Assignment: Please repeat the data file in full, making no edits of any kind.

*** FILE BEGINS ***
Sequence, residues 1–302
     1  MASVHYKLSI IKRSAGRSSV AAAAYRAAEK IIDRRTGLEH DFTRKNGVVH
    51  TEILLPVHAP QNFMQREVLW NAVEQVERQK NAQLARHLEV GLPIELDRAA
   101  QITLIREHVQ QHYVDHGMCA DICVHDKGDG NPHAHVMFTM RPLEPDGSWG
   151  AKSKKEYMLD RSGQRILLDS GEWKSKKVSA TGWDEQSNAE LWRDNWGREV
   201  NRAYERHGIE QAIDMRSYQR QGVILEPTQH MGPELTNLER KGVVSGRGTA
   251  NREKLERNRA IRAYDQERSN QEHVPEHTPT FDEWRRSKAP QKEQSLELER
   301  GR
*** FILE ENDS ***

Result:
Sequence, residues 1–302
     1  MASVHYKLSI IKRSAGRSSV AAAAYRAAEK IIDRRTGLEH DFTRKNGVVH
    51  TEILLPVHAP QNFMQREVLW NAVEQVERQK NAQLARHLEV GLPIELDRAA
   101  QITLIREHVQ QHYVDHGMCA DICVHDKGDG NPHAHVMFTM RPLEPDGSWG
   151  AKSKKEYMLD RSGQRILLDS GEWKSKKVSA TGWDEQSNAE LWRDNWGREV
   201  NRAYERHGIE QAIDMRSYQR QGVILEPTQH MGPELTNLER KGVVSGRGTA
   251  NREKLERNRA IRAYDQERSN QEHVPEHTPT FDEWRRSKAP QKEQSLELER
   301  GR